Now, I am in a lucky spot. I do enough with the local "producers" that they pretty much leave me alone. I deliver. I always ask up-front what they are hearing/wanting for the song. If the producer KNOWS guitars they will say something like:

    "Les Paul into a Marshall, played like Johnny Thunders."

    That gives me something VERY specific to attain. In all honesty, I am gonna rent a Les Paul and a Marshall. That has only happened a couple of times - not enough to justify me actually buying a real LP or a Marshall.

    If the producer just says something like:

    "Ummm, I want the guitar to have that Jimi Hendrix feel."

    That tells me I have a little more room for interpretation on gear. The producer is looking for a vibe, not specific gear. In that case, I'll bring a couple different guitars that I own - which at this point are all PRS (except a custom built Esquire). I'll pack my EG3, my Brent Mason, a Paul's Guitar and maybe the Vela. All of these are guitars that I have comfortably played Hendrix/SRV songs on. Once at the studio, I'll quickly play the part on each guitar and then narrow it down from the play back.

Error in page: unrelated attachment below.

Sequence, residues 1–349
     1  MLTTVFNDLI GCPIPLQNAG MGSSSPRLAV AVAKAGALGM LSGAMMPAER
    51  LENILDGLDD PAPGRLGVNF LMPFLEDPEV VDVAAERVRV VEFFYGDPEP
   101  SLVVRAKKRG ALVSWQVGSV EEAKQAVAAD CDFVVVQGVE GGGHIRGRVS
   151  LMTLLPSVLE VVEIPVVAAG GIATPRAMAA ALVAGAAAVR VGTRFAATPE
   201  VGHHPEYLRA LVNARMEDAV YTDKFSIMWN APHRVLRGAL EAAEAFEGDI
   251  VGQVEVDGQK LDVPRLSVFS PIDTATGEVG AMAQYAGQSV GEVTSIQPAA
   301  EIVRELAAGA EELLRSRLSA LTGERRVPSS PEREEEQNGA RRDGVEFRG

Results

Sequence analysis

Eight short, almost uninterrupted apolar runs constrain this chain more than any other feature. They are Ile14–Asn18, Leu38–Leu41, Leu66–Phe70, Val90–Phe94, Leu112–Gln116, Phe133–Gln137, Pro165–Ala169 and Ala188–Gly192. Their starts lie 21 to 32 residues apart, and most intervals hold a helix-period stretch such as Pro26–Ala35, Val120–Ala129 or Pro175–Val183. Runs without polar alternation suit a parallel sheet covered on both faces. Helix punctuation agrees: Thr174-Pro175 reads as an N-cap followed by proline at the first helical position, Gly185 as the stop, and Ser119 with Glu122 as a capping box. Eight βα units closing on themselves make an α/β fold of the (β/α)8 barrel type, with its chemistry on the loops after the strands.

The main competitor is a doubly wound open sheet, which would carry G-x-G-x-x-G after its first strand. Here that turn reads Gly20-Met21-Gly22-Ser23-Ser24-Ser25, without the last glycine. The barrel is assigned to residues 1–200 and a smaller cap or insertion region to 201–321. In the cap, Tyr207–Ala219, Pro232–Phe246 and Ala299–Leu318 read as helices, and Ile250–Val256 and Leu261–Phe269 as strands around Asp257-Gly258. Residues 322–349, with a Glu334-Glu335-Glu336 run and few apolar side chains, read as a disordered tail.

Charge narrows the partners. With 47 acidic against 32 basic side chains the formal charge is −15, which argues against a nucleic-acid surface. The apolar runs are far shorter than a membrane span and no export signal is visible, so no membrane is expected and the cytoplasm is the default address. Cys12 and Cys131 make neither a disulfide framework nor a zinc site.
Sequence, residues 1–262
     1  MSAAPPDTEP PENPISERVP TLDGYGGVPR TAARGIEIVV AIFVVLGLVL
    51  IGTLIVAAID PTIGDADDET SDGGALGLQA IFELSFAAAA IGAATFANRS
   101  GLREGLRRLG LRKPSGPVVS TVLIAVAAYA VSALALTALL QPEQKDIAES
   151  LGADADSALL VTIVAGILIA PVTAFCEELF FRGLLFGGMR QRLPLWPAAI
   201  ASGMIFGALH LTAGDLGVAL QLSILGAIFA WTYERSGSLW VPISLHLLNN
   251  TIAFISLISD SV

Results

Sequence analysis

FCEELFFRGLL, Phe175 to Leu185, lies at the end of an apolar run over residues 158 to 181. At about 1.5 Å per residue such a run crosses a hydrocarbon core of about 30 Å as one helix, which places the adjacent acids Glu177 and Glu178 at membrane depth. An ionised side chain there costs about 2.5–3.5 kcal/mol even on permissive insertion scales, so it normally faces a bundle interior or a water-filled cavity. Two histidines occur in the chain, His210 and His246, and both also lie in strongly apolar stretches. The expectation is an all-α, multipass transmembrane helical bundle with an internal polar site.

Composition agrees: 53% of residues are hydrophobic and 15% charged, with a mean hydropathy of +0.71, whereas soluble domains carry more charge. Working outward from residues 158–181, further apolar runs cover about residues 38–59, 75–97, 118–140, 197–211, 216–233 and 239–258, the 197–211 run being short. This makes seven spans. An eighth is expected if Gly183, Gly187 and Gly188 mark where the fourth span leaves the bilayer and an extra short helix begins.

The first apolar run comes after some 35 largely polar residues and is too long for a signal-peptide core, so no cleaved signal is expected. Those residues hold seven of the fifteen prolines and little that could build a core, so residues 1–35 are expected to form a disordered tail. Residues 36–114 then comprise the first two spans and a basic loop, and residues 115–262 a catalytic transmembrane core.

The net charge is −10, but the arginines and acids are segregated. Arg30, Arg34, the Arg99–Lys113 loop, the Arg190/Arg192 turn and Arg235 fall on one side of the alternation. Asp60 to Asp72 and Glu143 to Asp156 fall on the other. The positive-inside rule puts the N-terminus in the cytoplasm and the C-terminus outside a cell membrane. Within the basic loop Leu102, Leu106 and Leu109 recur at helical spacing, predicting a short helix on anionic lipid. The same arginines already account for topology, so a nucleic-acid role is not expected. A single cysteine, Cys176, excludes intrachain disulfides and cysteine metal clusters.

However, the last couple sessions I did were the kind I don't like. I had an email exchange with the producer where we discussed the track and what they were looking for me to do with the track. A couple days later, I got an email saying the stems were in my cloud and I dropped them into a Protools session, recorded all my parts as DI'd parts, uploaded back to the cloud, and got paid via PayPal. I hate those sessions because there is no guidance or input from the artist or the producer. I mean, I am more than capable as a player, but what I might choose to do if it were MY song could be very different if I stumble into a "grey area" while tracking. What I DO like about those sessions is, that as long as the sound is "right" I can be less "accurate" regarding the guitar...like using my 594 instead of an actual LP.